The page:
The pattern of 3 night “weekend only” stays in Myrtle Beach hotels continues this July. The City of Myrtle Beach attracts what marketing experts call lowest common denominator, budget-minded tourists.
This just days after the July 4th week holiday, peak summer.
Vacancy signs were lit from the north end of Ocean Boulevard on 72nd all the way down south to where the boulevard meets Market Common.
Meanwhile, the towns of Surfside Beach, Pawleys Island and North Myrtle Beach are filled today with “week long” staying, middle class Americans.
Hotels in Myrtle Beach won’t fill up again until Thursday or Friday night, July 12th. The City of Myrtle Beach is now a 3 to 4 night budget, tourist destination.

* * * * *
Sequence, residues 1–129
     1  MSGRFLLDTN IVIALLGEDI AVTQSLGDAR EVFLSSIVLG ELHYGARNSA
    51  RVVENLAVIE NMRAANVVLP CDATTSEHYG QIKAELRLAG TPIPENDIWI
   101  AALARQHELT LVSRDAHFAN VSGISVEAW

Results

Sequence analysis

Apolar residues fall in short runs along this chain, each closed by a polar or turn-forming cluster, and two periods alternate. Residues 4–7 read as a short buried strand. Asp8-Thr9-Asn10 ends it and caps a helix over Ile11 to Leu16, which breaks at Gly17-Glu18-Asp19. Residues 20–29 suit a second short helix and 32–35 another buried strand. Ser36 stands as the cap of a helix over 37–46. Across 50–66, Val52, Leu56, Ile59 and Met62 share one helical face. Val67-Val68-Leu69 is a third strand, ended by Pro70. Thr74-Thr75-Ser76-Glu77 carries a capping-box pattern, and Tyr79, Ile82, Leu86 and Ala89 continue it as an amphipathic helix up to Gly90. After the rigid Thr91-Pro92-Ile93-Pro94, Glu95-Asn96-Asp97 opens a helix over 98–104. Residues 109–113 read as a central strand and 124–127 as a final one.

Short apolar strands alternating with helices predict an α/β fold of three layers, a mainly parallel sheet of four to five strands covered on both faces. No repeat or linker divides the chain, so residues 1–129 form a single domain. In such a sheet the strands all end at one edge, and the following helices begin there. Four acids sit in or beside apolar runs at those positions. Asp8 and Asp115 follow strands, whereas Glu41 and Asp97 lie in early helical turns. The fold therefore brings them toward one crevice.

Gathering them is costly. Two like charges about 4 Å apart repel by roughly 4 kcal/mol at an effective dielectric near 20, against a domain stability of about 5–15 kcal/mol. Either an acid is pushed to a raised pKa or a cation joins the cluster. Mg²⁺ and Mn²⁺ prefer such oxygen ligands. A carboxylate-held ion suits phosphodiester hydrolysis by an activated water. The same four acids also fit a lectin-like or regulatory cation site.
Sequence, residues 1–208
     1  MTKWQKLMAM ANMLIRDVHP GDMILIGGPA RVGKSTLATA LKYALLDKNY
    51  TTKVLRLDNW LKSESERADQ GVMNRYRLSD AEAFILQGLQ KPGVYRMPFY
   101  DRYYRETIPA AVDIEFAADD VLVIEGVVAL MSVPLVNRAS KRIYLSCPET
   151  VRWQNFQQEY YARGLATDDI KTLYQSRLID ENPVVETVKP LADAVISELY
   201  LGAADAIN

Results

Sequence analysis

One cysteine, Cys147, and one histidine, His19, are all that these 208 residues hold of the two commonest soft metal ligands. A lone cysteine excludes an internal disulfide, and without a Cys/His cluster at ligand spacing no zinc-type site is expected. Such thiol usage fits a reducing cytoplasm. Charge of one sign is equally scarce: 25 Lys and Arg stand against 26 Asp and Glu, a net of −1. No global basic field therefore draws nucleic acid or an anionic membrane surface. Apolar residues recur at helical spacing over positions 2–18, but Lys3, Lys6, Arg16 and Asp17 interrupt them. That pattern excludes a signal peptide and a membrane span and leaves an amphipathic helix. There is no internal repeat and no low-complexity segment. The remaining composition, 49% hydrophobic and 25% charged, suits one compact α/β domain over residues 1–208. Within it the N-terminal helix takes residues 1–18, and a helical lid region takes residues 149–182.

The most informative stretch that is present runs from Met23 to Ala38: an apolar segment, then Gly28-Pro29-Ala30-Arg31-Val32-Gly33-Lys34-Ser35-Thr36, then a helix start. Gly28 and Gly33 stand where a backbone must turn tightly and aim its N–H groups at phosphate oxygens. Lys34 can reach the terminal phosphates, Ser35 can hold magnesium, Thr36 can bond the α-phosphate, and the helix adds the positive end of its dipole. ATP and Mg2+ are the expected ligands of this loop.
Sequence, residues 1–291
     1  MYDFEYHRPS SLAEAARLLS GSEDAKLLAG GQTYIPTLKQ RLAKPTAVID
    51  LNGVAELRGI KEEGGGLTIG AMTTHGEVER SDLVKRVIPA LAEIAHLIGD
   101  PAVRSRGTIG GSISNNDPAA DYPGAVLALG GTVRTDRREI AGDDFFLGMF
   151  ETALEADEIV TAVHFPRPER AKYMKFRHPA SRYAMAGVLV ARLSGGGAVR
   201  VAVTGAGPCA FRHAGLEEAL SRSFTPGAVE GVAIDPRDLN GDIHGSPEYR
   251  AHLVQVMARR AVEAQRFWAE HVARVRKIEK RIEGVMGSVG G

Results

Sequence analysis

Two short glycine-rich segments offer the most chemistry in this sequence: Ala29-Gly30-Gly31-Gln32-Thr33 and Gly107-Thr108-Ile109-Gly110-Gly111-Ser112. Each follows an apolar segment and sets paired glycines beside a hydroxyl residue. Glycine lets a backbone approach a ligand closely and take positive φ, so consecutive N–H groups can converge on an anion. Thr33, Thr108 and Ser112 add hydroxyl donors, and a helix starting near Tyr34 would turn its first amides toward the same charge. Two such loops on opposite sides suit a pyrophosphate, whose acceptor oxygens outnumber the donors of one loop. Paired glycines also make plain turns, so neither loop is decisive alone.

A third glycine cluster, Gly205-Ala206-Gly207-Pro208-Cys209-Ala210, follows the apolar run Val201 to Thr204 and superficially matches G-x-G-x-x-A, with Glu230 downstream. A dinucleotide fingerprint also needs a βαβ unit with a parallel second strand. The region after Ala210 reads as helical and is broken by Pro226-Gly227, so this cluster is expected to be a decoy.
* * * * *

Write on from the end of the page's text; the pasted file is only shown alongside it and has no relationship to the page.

How does that square with the reality of the TDF, tourist tax, being flat? TDF monies are 1% sales taxes collected by purchases in the city given to subsidize the Myrtle Beach Area Chamber of Commerce. The chamber is then given the task of promoting the city to ensure it stays full during the peak summer season. The TDF brings in $24 million annually.
The Myrtle Beach Area Chamber is tax subsidized $55 million in total annually to promote the city of Myrtle Beach.
If tourism is down, why are the tax revenues also not down?
Purchases from an exploding local population at Market Common make up the shortfall in “tourist taxes” for the city. Local purchases at stores, including Walmart, Taffinos, King Street Grill, Tupelo Honey, and more have helped keep tourist tax revenues flat through July 2019.
Should these, however, continue to be labeled “tourist taxes” as more and more of the revenues are paid for by local residents?